Breaking Ground

Shot at Dawn

Visitors are advised that the Shot at Dawn Memorial will close to the public on Monday 6 May. The memorial will undergo restoration and will be closed for approximately six weeks whilst these works take place. Free Shot at Dawn Talks will continue to take place daily at 12.30pm and 1.30pm in the Millennium Chapel, please ask at the Welcome Desk for more information. Visit our Shot at Dawn Restoration Appeal to find out more and donate.

Find out more

The National Forest, an area which includes the Arboretum, is a living example of how trees can transform things.

It is home to some of the most beautiful natural spaces in the country. Green spaces such as these provide people with the opportunity to benefit from the rejuvenating effects of the outdoors, reducing stress and promoting our mental and physical health. 

Woodlands, meadows, lakes and riversides provided perfect settings for many of us to escape to during pandemic lockdowns. People took the opportunity to feel the breeze on their faces, to hear the sound of leaves beneath their feet, and to see the animal and plant life around them, thriving and unbothered by the human crisis that was unfolding around the Nation.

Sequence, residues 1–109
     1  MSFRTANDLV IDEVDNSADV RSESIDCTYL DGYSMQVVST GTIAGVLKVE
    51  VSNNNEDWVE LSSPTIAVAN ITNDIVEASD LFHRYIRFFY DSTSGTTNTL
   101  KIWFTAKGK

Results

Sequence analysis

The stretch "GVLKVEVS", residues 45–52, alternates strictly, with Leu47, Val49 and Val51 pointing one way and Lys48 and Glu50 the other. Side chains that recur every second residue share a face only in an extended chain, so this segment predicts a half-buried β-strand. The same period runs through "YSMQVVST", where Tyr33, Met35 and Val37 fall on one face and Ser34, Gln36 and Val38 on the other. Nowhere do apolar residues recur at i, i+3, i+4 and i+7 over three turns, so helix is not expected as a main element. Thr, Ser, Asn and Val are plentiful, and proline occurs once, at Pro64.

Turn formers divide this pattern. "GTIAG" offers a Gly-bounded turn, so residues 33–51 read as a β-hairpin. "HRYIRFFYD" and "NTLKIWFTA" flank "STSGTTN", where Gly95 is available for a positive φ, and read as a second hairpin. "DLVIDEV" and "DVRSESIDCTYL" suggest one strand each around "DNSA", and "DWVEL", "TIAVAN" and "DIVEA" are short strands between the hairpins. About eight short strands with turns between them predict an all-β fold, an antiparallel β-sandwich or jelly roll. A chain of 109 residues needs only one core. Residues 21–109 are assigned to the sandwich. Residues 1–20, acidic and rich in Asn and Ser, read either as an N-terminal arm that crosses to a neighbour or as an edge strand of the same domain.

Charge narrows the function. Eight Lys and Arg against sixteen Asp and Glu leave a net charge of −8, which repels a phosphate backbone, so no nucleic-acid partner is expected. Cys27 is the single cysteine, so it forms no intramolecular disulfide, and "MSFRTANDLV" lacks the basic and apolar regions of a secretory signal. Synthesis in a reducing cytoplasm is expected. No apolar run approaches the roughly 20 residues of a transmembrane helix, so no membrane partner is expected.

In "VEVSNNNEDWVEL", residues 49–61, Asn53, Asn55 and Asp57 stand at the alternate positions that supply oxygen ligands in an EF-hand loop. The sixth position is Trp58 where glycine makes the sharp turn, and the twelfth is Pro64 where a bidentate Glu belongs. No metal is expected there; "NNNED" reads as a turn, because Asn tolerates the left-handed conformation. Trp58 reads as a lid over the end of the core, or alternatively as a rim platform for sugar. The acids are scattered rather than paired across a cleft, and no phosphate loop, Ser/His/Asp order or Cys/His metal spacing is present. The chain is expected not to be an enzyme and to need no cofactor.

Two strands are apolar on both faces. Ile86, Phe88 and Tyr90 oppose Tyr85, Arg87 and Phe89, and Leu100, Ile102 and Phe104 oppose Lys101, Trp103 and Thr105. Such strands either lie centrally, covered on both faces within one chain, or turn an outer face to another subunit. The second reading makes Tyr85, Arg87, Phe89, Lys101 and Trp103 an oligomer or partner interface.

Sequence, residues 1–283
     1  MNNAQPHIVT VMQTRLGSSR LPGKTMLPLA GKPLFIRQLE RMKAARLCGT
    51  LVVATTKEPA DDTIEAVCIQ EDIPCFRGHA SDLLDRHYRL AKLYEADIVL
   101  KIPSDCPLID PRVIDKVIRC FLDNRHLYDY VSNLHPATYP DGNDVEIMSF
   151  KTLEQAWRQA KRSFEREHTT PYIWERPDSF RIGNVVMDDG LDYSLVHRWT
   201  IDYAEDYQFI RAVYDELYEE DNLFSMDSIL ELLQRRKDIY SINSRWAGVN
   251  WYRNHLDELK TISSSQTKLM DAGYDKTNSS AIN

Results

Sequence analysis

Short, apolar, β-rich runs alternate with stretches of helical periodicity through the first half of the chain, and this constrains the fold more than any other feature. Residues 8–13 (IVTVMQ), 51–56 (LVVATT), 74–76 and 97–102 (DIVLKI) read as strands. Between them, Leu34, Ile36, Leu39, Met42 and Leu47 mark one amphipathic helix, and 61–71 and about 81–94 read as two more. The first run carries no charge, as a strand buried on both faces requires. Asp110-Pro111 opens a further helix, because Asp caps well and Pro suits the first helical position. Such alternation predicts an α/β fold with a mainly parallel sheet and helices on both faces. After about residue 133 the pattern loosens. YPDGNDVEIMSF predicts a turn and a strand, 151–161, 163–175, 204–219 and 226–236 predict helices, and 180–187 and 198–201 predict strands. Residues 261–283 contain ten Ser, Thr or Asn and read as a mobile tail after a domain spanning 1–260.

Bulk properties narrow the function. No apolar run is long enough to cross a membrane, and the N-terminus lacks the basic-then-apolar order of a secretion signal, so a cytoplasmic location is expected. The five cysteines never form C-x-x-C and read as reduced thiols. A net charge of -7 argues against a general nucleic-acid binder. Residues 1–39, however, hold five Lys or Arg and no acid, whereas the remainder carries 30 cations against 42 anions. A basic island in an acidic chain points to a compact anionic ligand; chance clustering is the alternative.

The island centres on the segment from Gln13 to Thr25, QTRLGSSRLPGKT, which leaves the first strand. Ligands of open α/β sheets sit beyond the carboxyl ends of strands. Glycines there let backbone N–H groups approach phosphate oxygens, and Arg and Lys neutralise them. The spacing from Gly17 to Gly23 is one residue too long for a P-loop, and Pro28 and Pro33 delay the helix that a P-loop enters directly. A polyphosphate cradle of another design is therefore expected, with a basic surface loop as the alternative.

For this project artists Anna Horton Cremin, Natalie Linney, Rebecca Lee and Dawn Jutton worked alongside a Burton social prescribing group, running workshops in woodlands and washlands in the local area, exploring the importance of outdoor spaces for our wellbeing both during and after the pandemic. The eco-dyed textiles and soundscape that were produced by the group and artists represent their experiences in engaging with the living world around them. 

The National Forest

The National Forest is one of the boldest environmentally-led regeneration initiatives in the country – transforming a post-industrial landscape by creating a forest across 200 square miles of the Midlands, linking the ancient remnant forests of Charnwood and Needwood.